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Åsa Larsson, Det blod som spillts (The Blood That Was Shed)

Albert Bonniers förlag,  2004. ISBN: 9100103039

Reviewed by Irene Scobbie in SBR 2004:2

At the end of her first novel, Solstorm (2003, reviewed in SBR 2003:2) Åsa Larsson promised that her heroine Rebecka Martinsson would return, and here she is. She is still suffering from the trauma of having killed, albeit in self-defence, and has been on sick leave for over a year, unable to regain mental equilibrium. When a Stockholm colleague has business in Kiruna, near to where her ordeal took place, she agrees to go with him. Once there she ceases in a way to be the central figure, as the story develops into a kind of collective novel.
Mildred Nilsson, a woman priest, has been brutally murdered three months previously, and the story, using flash-backs, centres round her character, her relationship with her parish, why she was murdered and by whom. A dynamic, charismatic feminist, she has espoused several controversial causes. She formed the “Magdalenas”, a group of hitherto suppressed women now encouraged to stand up for themselves. Her home was a refuge for battered wives on occasion. She also wanted to protect wolves in the region. All this brought her into conflict with conservative husbands, several conservative women, a clergyman opposed to the ordination of women, and the local hunting fraternity. Although married, she also had a relationship with a passionate, jealous woman. There are plenty of murder suspects, and the sympathetic Detective Inspector Mella, very pregnant in Solstorm but now the mother of a robust son, has her work cut out.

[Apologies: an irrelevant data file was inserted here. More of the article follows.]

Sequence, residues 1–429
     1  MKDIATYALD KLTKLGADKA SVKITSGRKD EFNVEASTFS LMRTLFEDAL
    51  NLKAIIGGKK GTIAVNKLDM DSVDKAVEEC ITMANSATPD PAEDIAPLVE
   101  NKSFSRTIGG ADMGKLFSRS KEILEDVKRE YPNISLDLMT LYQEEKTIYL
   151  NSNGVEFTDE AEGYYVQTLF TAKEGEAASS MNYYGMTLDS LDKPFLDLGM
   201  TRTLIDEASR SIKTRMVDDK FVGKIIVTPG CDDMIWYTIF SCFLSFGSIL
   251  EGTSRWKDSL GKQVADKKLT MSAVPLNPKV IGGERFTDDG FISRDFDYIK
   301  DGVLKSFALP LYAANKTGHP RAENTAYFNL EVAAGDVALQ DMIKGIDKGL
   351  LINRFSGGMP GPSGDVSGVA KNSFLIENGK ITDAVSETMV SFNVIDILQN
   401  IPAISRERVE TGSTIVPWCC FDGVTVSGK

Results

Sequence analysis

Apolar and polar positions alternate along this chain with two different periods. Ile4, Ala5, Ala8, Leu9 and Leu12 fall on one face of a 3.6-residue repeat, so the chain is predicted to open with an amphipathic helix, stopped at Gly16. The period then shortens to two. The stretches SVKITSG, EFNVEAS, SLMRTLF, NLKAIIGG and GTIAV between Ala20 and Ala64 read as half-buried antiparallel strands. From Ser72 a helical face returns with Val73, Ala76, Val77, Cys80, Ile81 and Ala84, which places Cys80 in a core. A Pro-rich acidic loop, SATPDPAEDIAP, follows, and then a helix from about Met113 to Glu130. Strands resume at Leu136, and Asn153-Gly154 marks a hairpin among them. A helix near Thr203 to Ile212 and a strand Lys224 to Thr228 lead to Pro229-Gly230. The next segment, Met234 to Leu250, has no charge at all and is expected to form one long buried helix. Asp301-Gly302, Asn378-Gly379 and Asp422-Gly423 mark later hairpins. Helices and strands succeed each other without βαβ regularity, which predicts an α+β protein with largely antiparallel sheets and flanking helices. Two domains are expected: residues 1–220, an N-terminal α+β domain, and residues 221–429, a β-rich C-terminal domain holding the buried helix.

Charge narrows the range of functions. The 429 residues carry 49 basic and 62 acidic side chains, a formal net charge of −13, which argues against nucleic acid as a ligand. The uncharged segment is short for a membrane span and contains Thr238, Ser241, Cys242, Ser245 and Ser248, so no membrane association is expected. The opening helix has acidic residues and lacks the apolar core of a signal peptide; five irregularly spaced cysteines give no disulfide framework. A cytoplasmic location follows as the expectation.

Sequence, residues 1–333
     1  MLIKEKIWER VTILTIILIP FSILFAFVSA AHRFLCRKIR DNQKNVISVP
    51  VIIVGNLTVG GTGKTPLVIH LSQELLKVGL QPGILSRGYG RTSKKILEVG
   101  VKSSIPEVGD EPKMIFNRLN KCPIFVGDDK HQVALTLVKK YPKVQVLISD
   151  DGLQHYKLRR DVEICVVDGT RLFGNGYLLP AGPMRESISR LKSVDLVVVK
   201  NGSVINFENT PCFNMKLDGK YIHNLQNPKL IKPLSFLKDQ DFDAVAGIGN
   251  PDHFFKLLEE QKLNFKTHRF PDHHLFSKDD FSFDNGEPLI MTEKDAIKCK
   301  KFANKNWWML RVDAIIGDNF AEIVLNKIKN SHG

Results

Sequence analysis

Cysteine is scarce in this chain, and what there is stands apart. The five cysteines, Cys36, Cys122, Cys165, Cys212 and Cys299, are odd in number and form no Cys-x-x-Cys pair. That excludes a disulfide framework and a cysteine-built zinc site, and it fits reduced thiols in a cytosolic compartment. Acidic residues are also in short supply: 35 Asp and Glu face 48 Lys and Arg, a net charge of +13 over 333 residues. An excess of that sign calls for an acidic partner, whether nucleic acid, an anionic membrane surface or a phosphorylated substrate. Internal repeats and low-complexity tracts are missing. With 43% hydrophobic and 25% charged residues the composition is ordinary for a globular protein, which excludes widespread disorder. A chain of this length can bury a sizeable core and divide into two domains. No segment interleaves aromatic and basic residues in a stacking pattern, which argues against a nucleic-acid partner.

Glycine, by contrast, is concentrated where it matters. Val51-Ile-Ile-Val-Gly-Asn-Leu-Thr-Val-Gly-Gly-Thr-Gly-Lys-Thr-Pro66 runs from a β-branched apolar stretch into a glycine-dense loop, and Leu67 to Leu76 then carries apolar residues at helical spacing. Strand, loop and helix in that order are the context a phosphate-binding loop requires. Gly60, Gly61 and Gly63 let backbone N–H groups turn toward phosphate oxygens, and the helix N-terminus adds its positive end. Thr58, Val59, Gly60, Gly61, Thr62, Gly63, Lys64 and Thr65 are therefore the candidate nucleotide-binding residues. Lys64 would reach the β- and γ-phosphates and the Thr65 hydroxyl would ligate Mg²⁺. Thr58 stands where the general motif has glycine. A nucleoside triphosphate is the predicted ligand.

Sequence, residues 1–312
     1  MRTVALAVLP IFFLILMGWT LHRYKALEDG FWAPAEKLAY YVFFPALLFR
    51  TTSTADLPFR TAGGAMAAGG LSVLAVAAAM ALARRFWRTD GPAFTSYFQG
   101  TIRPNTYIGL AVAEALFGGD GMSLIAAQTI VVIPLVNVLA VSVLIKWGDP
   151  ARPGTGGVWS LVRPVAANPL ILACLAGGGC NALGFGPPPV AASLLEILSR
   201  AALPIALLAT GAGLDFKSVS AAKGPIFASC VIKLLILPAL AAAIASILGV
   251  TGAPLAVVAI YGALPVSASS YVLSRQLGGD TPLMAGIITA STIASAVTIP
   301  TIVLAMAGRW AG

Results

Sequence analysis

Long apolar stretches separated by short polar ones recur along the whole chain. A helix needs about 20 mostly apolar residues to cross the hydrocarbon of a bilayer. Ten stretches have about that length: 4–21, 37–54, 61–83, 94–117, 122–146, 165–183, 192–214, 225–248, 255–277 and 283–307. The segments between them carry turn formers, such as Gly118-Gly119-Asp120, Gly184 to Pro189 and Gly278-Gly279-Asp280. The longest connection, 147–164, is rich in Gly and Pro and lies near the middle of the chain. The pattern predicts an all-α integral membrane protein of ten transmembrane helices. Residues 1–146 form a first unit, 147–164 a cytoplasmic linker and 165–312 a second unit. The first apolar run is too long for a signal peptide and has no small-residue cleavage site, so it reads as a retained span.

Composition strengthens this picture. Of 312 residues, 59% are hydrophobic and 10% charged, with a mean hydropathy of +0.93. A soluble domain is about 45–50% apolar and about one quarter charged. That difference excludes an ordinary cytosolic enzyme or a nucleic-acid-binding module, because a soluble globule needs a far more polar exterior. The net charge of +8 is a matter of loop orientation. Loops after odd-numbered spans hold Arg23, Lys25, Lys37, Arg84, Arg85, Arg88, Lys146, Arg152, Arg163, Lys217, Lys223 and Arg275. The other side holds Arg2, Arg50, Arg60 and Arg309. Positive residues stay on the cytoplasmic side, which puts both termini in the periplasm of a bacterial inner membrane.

Ever since her previous visit to the region Rebecka has existed in an unnatural cocoon of indifference, barely able to remember the awful events she has experienced. Towards the end of this novel she cleans and moves into her grandparents’ abandoned cottage, perhaps the beginning of regained peace of mind. In a build-up to an exciting finish, however, her life is again endangered. This time she screams hysterically, unable to stop. However drastic, perhaps she is psychologically cured?
As in her other novel, Åsa Larsson’s strength lies in her ability to portray nature and the people in this isolated part of Northern Sweden. Here it is mostly September around Torneträsk that is lyrically projected. She has gone one step further, with the introduction of a pack of wolves, their life cycle, their method of attacking elks, etc. The description of “Yellow Legs”, an outcast from the pack surviving on her own, even reminds me of Kerstin Ekman’s Hunden (The Dog). A number of domestic dogs are also described - perhaps too much so for the overall balance of the novel. Second novels are notoriously difficult, but Åsa Larsson has succeeded and given us another good read.

Also by Åsa Larsson

  • Svart stig (The Black Path). Reviewed by Irene Scobbie in SBR 2007:1.
  • Solstorm (Sunstorm). Reviewed by Irene Scobbie in SBR 2003:2.

Other reviews by Irene Scobbie

Other reviews in SBR 2004:2

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